Digital transformation: people first, technology second

Digital transformation: people first, technology second

Amit Lal Singh, CEO at ADI Group

Digital transformation is a hot topic — it has been widely discussed for a number of years now. People correctly say that digital transformation was already vital for businesses to survive in the ever-changing economy even before the pandemic, but the changes to the environment which have been driven by COVID-19 made business transformation more relevant than ever. The increasing customer expectations coupled with tough competition force companies to spend millions on developing and implementing digital products, infrastructures, and brand push.

And it is not only big businesses that find themselves under the pressure to undergo digital transformation.  SMEs in the food and beverage, fast-moving consumer goods, construction, logistics, retail, wholesale and travel industries are also in the same circumstances, they need to adopt new technology in order to survive. SMEs face a range of multiple challenges related to customer expectations, to which they need to learn quickly. For them digital transformation through technology adoption is both an urgent need and an untapped opportunity.

But what is digital transformation? As more and more people talk about digital transformation, acknowledging its importance, the term is increasingly used for different purposes and even misinterpreted. There are many ways to define it, but generally digital transformation refers to the adoption of digital processes and tools to achieve strategic business goals. In most cases it is used to improve, modify or create new products, processes or customer experiences. It's a complex, multifaceted process that represents a massive cultural shift in the workplace and changes that affect every part of an organisation.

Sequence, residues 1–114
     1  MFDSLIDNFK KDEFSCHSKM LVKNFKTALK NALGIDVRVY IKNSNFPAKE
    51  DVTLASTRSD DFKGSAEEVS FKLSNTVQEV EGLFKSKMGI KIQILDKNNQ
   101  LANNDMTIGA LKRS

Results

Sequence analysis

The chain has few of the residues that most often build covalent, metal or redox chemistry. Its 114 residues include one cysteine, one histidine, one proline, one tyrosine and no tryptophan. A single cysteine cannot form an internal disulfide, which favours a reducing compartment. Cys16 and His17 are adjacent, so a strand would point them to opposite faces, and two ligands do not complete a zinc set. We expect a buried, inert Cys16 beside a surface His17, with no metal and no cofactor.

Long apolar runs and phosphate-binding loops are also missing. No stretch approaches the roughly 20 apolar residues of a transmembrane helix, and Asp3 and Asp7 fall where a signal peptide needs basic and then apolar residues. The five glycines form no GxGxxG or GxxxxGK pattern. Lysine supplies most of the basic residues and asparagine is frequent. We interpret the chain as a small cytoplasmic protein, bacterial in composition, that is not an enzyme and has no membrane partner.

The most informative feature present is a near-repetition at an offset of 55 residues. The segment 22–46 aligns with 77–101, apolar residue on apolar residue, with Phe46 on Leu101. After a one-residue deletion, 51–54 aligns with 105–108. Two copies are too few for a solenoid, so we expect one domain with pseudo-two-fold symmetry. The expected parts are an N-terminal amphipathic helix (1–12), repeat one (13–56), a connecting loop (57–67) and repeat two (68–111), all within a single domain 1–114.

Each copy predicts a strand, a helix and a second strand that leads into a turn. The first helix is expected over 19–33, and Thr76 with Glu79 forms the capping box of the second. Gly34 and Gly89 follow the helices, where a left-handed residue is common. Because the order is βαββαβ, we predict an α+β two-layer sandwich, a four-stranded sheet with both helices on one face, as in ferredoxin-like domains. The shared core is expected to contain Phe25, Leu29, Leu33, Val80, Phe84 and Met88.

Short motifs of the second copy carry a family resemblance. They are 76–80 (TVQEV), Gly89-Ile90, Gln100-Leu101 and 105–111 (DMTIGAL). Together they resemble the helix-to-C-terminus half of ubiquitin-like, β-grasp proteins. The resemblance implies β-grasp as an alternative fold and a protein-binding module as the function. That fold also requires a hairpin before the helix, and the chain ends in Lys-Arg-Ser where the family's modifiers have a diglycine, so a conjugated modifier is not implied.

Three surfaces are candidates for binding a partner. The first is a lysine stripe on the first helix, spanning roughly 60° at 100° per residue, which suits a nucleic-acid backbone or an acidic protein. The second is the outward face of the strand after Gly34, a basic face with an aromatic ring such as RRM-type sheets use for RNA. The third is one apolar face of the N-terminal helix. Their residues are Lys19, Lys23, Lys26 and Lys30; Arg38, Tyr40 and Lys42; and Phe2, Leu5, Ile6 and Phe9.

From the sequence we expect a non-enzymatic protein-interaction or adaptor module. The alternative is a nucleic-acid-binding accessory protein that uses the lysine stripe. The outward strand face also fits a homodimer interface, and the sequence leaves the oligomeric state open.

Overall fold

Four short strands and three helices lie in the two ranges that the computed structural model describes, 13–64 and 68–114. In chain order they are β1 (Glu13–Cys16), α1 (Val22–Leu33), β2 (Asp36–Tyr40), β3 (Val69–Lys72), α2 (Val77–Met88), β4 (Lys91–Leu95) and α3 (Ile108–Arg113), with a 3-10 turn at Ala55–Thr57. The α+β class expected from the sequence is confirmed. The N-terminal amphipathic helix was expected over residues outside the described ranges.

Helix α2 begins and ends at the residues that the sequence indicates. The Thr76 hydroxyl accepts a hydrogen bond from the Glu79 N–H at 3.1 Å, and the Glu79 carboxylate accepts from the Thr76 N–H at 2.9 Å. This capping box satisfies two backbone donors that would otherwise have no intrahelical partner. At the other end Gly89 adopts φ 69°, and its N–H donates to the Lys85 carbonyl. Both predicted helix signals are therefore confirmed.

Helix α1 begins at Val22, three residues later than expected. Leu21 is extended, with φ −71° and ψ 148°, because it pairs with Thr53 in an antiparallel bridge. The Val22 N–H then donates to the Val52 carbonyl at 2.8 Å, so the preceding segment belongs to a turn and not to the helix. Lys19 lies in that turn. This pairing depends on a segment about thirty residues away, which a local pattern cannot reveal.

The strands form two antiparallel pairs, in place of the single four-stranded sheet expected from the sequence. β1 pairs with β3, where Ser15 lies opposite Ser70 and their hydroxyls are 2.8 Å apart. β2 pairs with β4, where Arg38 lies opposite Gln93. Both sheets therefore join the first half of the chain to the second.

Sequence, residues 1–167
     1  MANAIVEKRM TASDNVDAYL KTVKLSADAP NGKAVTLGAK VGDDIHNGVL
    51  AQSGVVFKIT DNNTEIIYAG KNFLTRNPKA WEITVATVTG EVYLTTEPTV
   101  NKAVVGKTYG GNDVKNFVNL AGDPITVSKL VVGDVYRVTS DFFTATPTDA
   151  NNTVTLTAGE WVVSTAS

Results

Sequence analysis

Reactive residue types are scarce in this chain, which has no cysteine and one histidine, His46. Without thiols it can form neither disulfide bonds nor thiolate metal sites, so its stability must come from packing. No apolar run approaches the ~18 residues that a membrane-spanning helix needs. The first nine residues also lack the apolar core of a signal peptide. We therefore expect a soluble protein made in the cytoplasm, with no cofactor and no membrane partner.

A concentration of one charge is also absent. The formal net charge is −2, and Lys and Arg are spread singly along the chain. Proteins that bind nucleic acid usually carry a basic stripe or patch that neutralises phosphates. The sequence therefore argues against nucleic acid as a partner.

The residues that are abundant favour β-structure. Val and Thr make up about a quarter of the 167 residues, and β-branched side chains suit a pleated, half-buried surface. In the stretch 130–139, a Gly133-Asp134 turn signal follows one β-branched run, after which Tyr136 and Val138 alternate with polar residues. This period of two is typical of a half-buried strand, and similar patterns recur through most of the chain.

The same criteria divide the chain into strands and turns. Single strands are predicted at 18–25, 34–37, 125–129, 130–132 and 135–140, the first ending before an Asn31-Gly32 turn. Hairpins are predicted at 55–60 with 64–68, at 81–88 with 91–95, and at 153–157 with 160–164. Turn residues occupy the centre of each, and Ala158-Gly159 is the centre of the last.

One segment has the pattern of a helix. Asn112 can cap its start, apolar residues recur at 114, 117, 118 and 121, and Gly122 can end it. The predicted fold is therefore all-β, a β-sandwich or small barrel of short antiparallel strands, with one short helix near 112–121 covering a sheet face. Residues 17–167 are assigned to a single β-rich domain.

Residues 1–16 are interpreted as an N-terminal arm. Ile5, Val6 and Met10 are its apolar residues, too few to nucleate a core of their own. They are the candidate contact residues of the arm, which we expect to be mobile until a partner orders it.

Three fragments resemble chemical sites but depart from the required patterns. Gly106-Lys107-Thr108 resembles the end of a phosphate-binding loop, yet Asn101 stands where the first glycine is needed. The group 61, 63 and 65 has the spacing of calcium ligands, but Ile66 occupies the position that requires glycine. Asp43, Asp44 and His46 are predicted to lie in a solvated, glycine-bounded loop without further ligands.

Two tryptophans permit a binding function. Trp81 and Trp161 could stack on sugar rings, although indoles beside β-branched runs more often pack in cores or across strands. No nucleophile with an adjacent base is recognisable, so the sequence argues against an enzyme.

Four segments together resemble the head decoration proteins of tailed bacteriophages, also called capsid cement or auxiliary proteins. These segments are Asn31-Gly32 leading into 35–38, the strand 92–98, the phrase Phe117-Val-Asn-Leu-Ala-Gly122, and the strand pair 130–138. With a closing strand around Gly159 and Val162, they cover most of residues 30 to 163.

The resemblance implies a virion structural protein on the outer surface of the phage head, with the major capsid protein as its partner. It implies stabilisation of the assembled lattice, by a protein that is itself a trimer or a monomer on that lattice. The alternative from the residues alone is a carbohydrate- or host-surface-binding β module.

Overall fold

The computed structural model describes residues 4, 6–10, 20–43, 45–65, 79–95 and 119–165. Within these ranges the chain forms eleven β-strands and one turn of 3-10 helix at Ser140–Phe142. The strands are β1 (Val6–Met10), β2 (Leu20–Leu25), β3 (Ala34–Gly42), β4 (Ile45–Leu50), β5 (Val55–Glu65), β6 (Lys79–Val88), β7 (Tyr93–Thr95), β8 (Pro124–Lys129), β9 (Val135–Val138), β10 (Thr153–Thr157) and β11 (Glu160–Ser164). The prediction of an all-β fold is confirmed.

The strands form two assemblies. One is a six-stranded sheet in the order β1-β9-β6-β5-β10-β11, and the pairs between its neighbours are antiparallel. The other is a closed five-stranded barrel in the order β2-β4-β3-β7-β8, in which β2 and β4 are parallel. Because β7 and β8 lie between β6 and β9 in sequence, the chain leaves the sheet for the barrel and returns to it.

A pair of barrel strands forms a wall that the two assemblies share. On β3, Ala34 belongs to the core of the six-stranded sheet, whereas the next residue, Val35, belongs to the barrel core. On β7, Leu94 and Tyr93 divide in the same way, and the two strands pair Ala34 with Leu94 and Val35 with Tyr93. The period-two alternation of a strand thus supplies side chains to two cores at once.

The main reason why the term digital transformation creates some confusion is because technology is such an important part to the process. We often hear about companies undergoing digital transformation, but what they actually do can be more accurately called digitisation. Digitisation refers to more modest initiatives, such as putting services online or plugging a new technology into a legacy business model. But a real digital transformation is much more than just using digital technology — it is a change which happens not on the IT level, it involves major shifts on the organisational level, change that generates breakthrough value.

This is the part which many people get wrong. They think that customer-focused digital transformation is about technology, whereas in reality it is about people. Ultimately people in the company create the customer experience, and people are responsible for driving transformation in companies, not technology. Failure to acknowledge this fact is what leads to so many failures in digital transformation attempts.